Getting AVFS to work with SuSE 9.2 (and possibly other 2.6 kernel distros)


Everything here is presented in good faith, but without any warranty of any kind... I hope it's helpful, but if something goes horribly wrong for you then that's your problem. Getting this to work isn't exactly a newbie friendly process, although it's not exactly rocket science, either. Basically, read through what I've written and if you're comfortable with it (and equally comfortable with putting things back as they should be if it goes wrong) then go for it. Otherwise, tread very carefully.


I recently upgraded from SuSE 8.2 to 9.2 and thus from the 2.4 kernel to 2.6. On my old system I used AVFS (in the avfscoda style) to access archives, etc. as if they were directories (much like image filing systems in Acorn's RISC OS). Sadly this didn't want to play with the 2.6 kernel in a number of subtle but significant ways. I ignored the problem for a while but eventually I figured either I, or (more likely) someone else, would figure it out and I'd be able to go back to using it. Well, as it happens, I couldn't sleep last night and, google being the wonderful thing it is, I turned up some useful info and a patch, and started fiddling myself. Now I have AVFS back again, albeit without the (rather useful) redir module.



Unpack the AVFS source code. Apply Olivier's patch (cd into the avfscoda directory and apply it with patch -p0 <name_you_saved_the_patch_with ).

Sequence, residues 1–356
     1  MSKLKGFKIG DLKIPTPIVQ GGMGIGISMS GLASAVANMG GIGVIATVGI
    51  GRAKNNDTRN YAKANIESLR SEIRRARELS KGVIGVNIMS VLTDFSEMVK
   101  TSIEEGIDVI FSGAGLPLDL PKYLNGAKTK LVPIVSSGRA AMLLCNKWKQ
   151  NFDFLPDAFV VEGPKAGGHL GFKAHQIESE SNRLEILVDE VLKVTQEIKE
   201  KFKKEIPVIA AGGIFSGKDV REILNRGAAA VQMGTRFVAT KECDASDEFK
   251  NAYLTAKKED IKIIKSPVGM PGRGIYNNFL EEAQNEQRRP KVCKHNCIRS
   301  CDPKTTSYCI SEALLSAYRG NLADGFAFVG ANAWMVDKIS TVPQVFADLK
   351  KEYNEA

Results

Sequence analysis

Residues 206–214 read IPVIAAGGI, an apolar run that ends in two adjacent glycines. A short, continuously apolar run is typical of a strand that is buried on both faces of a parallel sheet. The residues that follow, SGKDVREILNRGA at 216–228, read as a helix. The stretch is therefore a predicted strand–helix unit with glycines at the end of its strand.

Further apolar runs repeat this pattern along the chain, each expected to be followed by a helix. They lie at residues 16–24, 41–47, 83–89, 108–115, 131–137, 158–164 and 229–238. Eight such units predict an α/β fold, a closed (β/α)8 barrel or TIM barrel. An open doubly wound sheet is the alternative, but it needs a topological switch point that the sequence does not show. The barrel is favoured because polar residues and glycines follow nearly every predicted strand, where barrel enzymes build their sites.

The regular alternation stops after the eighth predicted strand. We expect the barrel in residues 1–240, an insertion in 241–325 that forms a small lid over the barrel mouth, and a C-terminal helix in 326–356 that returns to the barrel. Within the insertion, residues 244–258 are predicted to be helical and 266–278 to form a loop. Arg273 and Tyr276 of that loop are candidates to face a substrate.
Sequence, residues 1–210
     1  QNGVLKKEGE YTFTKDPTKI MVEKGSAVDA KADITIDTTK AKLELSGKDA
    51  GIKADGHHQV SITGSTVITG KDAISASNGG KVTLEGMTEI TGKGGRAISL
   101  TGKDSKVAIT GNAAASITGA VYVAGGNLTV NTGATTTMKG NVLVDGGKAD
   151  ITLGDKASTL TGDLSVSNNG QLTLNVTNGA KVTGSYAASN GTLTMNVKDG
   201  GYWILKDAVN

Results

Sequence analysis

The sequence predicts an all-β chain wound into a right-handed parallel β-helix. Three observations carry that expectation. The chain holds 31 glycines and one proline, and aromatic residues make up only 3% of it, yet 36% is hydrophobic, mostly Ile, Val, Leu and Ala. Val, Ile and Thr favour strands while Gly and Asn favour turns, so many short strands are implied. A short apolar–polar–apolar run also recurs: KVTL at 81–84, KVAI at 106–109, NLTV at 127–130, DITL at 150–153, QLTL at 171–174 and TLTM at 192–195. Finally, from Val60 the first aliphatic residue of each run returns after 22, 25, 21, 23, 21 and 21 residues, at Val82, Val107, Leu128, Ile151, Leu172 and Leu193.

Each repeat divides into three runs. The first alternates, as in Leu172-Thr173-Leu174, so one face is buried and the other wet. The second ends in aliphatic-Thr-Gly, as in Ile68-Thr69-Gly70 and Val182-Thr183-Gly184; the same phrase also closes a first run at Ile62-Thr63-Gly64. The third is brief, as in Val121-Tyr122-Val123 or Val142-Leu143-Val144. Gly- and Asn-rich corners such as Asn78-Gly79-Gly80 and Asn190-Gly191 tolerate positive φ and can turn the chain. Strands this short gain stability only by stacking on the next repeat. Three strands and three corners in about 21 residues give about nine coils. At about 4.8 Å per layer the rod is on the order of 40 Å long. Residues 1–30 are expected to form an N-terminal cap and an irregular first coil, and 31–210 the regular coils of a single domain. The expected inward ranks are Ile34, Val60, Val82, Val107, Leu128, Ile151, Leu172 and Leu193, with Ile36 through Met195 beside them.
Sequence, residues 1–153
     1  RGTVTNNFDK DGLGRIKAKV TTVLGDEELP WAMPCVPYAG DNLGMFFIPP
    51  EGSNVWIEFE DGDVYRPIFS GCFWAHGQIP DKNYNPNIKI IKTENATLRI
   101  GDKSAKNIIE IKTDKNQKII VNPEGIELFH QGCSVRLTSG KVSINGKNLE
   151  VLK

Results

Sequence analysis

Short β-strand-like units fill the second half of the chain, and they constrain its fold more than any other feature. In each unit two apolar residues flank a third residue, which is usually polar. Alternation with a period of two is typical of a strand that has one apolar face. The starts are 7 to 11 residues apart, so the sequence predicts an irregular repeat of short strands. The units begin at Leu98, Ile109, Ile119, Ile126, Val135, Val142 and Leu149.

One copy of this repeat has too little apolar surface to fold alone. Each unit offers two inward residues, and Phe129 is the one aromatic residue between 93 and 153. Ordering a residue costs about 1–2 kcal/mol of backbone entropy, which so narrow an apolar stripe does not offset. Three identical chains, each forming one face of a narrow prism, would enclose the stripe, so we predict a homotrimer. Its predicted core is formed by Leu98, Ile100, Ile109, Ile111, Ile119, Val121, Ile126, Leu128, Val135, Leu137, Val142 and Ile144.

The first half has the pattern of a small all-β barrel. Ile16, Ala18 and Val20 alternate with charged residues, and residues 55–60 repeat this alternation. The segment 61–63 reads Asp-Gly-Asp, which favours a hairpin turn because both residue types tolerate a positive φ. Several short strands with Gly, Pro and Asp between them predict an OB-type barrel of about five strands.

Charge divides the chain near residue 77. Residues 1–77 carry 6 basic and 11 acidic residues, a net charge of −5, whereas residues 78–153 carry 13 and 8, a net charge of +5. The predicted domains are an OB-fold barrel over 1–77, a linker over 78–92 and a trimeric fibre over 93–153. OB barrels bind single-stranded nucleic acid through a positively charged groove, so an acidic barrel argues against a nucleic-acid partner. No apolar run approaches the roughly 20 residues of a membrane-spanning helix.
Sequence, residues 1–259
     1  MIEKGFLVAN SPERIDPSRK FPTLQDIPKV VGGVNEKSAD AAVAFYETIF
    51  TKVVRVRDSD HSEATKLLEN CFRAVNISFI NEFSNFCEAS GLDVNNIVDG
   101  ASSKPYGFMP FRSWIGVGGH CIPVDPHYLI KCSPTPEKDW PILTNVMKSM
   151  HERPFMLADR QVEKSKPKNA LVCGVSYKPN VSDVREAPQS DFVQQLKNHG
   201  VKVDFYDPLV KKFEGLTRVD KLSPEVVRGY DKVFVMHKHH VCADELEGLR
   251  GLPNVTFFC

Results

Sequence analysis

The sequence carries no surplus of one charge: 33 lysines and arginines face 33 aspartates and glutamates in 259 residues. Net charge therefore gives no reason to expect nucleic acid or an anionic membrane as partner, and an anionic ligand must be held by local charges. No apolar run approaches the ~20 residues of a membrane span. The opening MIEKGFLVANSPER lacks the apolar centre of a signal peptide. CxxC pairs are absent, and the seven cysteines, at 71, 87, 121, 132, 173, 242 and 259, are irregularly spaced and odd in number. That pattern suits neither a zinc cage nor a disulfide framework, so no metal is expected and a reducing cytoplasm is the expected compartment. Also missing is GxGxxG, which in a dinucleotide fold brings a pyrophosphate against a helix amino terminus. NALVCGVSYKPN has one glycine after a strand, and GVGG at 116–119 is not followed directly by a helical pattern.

Do the usual ./configure thing. If you get an error about expat (or libxml, or whatever), try passing --disable-dav to configure.

Now, since the redir module simply isn't going to work with kernel 2.6, delete the entire contents of the avfscoda/redir/redir.c file. Don't delete the file, just its contents.

And, since we're not going to build the redir module, we'd probably better remove it from the installation target in the Makefile – simply delete the last 3 lines of avfscoda/redir/Makefile (ie. the ones after install: all)

Okay, so so far all we've done is to remove the redir module from the build. Now it's time to do some EVIL things and get the avfscoda daemon to build properly. The main problems I had building it were, in order of appearance, conflicts with header files (linux/time.h) and an incorrect coda.h location. Fortunately, each of these is easy to fix.

Here's the only really nasty part of the whole thing. We need to temporarily edit the /usr/include/linux/time.h file to comment out the parts that would otherwise cause an error during compilation. For goodness' sake, take a backup of the file before fiddling with it.

As root, edit /usr/include/linux/time.h and comment out the definitions of struct timespec, struct timeval, struct timezone, struct itimerspec, and struct itimerval.

That should fix the 'error redifinition of blahblah' problems. Now to sort out the coda.h location.

Take a look at avfscoda/Makefile. The CCFLAGS definition will include a something like this: -DCODAINCLUDE=\"/usr/src/linux-2.6.8-24.13-obj/i386/default/include/linux/coda.h\" Now, this might, or might not be correct. Have a look yourself and see if you can find coda.h on that path. Chances are that you won't be able to. The actual path should be something like /usr/src/linux-2.6.8-24.13/include/linux/coda.h, or (assuming you're running with the kernel you intend to use) simply /usr/src/linux/include/linux/coda.h so edit that part of the Makefile to suit.